The GX7 writes its imaging data to SDXC cards, while the L1 uses SDHC cards. The GX7 supports UHS-I cards (Ultra High Speed data transfer of up to 104 MB/s), while the L1 cannot take advantage of Ultra High Speed SD cards.
For some imaging applications, the extent to which a camera can communicate with its environment can be an important aspect in the camera decision process. The table below provides an overview of the connectivity of the Panasonic Lumix DMC-GX7 and Panasonic Lumix DMC-L1 and, in particular, the interfaces the cameras (and selected comparators) provide for accessory control and data transfer.
| WiFi |
|Leica Digilux 3||Y||stereo||mono||-||-||-||2.0||-||-||-|
|Olympus E-M5 II||Y||stereo||mono||Y||-||micro||2.0||Y||-||-|
|Olympus E-M10 II||Y||stereo||mono||-||-||micro||2.0||Y||-||-|
It is notable that the GX7 offers wifi support, while the L1 does not. Wifi can be a very convenient means to transfer image data to an off-camera location.
Both the GX7 and the L1 have been discontinued, but can regularly be found used on eBay. The L1 was replaced by the Panasonic L10, while the GX7 was followed by the Panasonic GX85. Further information on the two cameras (e.g. user guides, manuals), as well as related accessories, can be found on the official Panasonic website.
So how do things add up? Is the Panasonic GX7 better than the Panasonic L1 or vice versa? A synthesis of the relative strong points of each of the models is listed below.
Reasons to prefer the Panasonic Lumix DMC-GX7:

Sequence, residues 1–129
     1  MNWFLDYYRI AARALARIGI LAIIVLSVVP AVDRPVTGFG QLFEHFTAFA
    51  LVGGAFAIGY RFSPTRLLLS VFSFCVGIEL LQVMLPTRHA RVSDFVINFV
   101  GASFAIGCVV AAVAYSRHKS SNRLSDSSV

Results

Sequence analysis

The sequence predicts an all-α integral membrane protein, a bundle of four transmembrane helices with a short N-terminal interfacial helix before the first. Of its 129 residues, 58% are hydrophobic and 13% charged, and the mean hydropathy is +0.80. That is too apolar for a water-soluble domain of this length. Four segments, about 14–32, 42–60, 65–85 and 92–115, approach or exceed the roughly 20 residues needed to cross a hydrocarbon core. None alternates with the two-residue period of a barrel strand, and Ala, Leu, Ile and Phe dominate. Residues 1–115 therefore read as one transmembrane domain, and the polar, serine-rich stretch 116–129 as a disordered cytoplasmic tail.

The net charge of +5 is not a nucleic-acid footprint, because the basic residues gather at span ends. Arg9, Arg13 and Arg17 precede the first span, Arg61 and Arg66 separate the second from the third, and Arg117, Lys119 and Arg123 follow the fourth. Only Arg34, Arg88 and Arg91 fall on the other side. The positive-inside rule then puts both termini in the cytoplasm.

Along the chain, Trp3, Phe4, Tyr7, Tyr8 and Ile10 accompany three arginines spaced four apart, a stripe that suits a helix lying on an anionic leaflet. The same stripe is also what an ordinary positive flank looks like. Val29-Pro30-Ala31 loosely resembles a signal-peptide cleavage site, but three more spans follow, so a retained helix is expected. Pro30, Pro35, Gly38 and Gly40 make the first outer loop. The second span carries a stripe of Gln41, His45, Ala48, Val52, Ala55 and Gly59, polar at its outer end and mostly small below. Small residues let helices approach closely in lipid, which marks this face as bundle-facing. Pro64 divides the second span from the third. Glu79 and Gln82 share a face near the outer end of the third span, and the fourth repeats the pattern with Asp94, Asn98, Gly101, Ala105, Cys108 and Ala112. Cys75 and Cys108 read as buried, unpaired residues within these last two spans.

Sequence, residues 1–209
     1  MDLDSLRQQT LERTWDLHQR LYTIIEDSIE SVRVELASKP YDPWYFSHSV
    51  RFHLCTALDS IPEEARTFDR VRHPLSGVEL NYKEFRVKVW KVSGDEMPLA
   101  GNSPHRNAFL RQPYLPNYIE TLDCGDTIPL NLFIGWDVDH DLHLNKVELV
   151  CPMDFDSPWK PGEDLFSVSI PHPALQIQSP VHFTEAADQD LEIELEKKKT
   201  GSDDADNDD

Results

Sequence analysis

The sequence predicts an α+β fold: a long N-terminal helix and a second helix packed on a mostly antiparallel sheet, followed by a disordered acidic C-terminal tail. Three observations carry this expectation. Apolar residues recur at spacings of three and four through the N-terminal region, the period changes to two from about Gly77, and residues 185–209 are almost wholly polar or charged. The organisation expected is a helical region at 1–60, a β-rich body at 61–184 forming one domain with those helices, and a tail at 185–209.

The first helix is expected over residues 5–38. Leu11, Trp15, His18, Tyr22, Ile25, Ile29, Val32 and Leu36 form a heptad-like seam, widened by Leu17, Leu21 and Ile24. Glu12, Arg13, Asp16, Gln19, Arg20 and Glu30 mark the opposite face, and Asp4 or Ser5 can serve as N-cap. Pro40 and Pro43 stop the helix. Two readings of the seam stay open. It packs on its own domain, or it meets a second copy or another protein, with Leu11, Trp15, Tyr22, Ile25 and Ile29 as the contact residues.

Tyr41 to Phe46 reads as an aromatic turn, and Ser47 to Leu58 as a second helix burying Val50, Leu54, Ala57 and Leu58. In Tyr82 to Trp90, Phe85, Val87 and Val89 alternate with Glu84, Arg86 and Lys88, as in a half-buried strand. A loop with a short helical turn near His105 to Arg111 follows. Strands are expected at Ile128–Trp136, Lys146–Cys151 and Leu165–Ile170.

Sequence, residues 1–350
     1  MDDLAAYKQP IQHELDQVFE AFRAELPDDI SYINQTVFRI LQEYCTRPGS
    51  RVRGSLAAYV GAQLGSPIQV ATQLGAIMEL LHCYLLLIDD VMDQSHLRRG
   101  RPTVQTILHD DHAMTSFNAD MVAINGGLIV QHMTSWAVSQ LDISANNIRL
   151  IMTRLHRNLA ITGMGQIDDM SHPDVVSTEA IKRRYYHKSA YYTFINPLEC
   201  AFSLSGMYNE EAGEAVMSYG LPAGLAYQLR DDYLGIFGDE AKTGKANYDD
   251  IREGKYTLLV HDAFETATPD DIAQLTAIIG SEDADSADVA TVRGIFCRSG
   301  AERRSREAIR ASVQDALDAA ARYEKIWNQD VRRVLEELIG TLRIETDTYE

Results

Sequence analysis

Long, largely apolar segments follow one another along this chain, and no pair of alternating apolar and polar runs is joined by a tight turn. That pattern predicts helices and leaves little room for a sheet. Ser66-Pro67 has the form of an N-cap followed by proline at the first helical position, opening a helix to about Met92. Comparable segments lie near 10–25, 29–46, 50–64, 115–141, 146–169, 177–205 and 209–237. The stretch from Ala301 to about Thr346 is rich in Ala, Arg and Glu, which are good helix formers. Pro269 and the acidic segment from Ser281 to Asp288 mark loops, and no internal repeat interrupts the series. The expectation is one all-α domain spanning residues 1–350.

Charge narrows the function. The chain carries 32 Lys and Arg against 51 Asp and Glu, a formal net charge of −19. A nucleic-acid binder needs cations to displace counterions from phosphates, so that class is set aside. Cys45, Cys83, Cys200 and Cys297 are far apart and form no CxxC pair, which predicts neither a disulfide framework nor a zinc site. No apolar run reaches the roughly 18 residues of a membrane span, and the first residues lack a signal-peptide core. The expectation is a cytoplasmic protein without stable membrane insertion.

- More detail: Offers more megapixels (15.8 vs 7.4MP) with a 46% higher linear resolution.
- Broader imaging potential: Can record not only still images but also 1080/60p movies.
- More framing info: Has an electronic viewfinder that displays shooting data.
- More complete view: Has a viewfinder with a larger field of view (100% vs 95%).
- Larger viewfinder image: Features a viewfinder with a higher magnification (0.70x vs 0.47x).
- Larger screen: Has a bigger rear LCD (3.0" vs 2.5") for image review and settings control.
- More detailed LCD: Has a higher resolution rear screen (1040k vs 207k dots).
- More flexible LCD: Has a tilting screen for odd-angle shots in landscape orientation.
- Fewer buttons to press: Is equipped with a touch-sensitive rear screen to facilitate handling.
- Faster shutter: Has higher mechanical shutter speed (1/8000s vs 1/4000s) to freeze action.
- Faster burst: Shoots at higher frequency (5 vs 3 flaps/sec) to capture the decisive moment.